{25} Deutsche Bank additionally contends that “when a plaintiff presents the original note to the court with a blank indorsement, the plaintiff establishes it is then the holder of the note, and is entitled to enforce the note and foreclose the mortgage.” Deutsche Bank is correct that the holder of a note indorsed in blank may, as a general matter, enforce the note. See § 55-3-301; NMSA 1978, § 55-3-205(b) (1992). However, Deutsche Bank again conflates two distinct concepts: whether it may, as the holder of a note indorsed in blank, enforce the note and whether it can establish that it owned the note at the time of filing. If Deutsche Bank had presented a note indorsed in blank with its initial complaint, it would be entitled to a presumption that it could enforce the note at the time of filing and thereby establish standing. However, Deutsche Bank did not produce a note indorsed in blank when it filed suit in this case, and the subsequent production of a blank note does not prove that Deutsche Bank possessed the blank note when it filed suit.

{26} We further disagree with Deutsche Bank’s argument that the Court of Appeals’s opinion in this case, Deutsche Bank Nat’l Tr. Co., 2014-NMCA-090, ¶¶ 11-13, requires that a “plaintiff conclusively establish its standing upon first filing the complaint.” Deutsche Bank contends that this requirement would contravene well-established notice pleading standards in New Mexico, which require a complaint to contain only “a short and plain statement of the claim showing that the pleader is entitled to relief.” Rule 1-008(A)(2) NMRA. According to Deutsche Bank, it should satisfy minimum pleading requirements for a foreclosure plaintiff to merely allege that it is the holder of the note, and then later prove this fact through more detailed documentation, either at trial or in connection with a dispositive motion. We agree with Deutsche Bank that “it is only at trial or in a dispositive motion that plaintiffs are required to prove the necessary elements of their claims,” including standing, and that a bare statement that the plaintiff holds the note may satisfy pleading standards. See N.M. Pub. Sch. Ins. Auth. v. Arthur J. Gallagher & Co., 2008-NMSC-067, ¶ 11, 145 N.M. 316, 198 P.3d 342 (“In reviewing the district court’s decision to dismiss for failure to state a claim, we accept as true all well-pleaded factual allegations in the complaint and resolve all doubts in favor of the complaint’s sufficiency.”).

{27} However, this is an issue of proof rather than pleading standards. The elements of standing are not mere pleading requirements but rather an indispensable part of the plaintiff’s case, [and therefore] each element must be supported in the same way as any other matter on which the plaintiff bears the burden of proof, i.e., with the manner and degree of evidence required at the successive stages of the litigation. Lujan, 504 U.S. at 561. For example, a foreclosure plaintiff may satisfy pleading requirements by simply alleging that it is the holder of the note without attaching any additional documentary evidence, but when a defendant subsequently raises the defense that the plaintiff lacks standing to foreclose, the plaintiff must then prove that it held the note at the time of filing. Attaching the note to the complaint is not the only means of proving that the plaintiff held the note at the time of filing because standing can also be proven through a dated indorsement establishing when the note was indorsed to the plaintiff. Therefore, neither Bank of New York nor the Court of Appeals’s opinion in this case establish an additional pleading requirement, as Deutsche Bank argues, but rather set forth requirements that must be met to prove standing, should that issue be raised by the defendant or sua sponte by the Court.4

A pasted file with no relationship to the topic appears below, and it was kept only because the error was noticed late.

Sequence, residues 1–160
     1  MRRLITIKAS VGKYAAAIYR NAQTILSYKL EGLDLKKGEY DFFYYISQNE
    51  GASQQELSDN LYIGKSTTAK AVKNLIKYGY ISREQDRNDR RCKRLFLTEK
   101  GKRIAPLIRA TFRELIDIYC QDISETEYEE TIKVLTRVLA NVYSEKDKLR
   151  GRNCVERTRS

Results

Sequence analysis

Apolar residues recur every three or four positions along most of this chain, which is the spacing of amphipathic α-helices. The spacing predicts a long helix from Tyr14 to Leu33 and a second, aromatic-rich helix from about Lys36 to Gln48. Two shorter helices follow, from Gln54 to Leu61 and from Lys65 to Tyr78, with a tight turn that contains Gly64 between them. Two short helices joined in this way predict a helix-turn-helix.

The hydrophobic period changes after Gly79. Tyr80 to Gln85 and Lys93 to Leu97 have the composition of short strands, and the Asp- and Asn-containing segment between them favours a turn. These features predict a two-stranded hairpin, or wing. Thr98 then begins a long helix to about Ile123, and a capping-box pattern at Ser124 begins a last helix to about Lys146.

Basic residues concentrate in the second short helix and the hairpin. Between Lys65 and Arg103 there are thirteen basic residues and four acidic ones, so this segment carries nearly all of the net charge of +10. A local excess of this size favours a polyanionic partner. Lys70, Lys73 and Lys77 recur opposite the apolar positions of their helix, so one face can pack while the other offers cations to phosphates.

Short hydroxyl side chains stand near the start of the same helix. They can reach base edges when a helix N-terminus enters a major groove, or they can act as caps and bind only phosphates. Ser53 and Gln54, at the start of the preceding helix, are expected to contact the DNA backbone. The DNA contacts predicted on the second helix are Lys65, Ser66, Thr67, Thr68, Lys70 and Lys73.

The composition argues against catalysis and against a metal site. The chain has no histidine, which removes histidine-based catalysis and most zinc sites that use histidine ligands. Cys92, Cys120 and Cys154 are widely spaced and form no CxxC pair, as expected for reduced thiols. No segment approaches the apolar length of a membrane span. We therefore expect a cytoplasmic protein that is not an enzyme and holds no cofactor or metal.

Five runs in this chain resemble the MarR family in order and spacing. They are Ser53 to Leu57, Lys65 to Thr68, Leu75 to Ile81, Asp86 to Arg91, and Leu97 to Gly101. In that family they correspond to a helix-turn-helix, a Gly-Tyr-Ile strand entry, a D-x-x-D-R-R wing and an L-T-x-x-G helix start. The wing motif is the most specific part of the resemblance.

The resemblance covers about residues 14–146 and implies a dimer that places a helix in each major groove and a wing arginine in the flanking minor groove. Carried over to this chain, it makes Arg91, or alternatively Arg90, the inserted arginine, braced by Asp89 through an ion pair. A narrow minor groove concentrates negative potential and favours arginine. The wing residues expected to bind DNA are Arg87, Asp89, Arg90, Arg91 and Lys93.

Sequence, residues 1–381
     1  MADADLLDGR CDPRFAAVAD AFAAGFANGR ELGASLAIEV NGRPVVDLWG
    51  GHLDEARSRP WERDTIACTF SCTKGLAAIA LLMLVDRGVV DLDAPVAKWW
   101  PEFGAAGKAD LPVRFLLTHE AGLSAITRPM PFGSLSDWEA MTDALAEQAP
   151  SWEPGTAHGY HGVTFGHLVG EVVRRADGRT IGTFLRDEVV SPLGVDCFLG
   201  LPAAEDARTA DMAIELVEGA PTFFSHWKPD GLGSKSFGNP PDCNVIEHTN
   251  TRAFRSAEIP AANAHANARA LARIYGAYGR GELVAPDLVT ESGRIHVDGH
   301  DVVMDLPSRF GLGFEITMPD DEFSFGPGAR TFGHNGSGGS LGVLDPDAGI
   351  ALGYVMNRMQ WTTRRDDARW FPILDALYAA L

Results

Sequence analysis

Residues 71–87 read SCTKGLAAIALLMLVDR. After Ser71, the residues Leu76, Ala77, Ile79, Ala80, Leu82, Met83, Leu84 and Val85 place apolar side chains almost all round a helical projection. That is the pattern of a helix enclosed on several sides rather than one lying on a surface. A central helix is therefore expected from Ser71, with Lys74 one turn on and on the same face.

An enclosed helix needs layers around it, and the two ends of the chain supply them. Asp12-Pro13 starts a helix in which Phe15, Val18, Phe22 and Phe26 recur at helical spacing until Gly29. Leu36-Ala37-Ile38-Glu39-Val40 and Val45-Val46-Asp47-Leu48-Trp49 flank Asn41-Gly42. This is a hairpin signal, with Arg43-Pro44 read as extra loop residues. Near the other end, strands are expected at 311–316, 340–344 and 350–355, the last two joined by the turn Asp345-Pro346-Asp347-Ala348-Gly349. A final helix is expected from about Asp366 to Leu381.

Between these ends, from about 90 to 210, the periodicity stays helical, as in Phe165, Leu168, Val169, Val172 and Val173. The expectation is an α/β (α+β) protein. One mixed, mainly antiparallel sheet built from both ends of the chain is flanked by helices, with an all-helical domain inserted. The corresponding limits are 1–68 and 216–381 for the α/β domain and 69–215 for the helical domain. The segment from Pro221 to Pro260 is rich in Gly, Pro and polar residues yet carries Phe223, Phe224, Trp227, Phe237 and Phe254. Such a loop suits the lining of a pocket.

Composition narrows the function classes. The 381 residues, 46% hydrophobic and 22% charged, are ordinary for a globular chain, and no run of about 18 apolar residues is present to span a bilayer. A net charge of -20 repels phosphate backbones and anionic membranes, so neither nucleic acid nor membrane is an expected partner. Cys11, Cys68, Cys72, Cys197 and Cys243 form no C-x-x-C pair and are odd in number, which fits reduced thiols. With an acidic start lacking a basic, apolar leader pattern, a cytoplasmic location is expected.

4 In instances where a foreclosure plaintiff seeks a default judgment, courts should raise the standing issue sua sponte and carefully scrutinize the plaintiff’s standing to safeguard the integrity of New Mexico’s property system and protect subsequent bona fide purchasers.

Deutsche Bank Did Not Establish Standing

{28} Deutsche Bank argues that substantial evidence supports the district court’s determination that Deutsche Bank had standing to pursue its foreclosure complaint against Homeowner. We review the district court’s determination that Deutsche Bank had standing under a substantial evidence standard of review. Bank of N.Y., 2014-NMSC-007, ¶ “ ‘Substantial evidence’ means relevant evidence that a reasonable mind could accept as adequate to support a conclusion. This Court will resolve all disputed facts and indulge all reasonable inferences in favor of the trial court’s findings.” Id. (internal quotation marks and citations omitted). However, “[w]hen the resolution of the issue depends upon the interpretation of documentary evidence, this Court is in as good a position as the trial court to interpret the evidence.” Id. (alteration in original) (internal quotation marks and citation omitted).

{29} Deutsche Bank contends that there was sufficient evidence to establish standing for two reasons. First, Deutsche Bank argues that “the Assignment of Mortgage in this case . . . evidence[d] the timing of the transfer of the note.” Second, Deutsche Bank avers that other corroborating evidence presented at trial, in conjunction with the assignment of mortgage, established that it owned the note at the time of filing. Deutsche Bank’s arguments do not persuade us that there is substantial evidence to support the district court’s determination that Deutsche Bank had standing.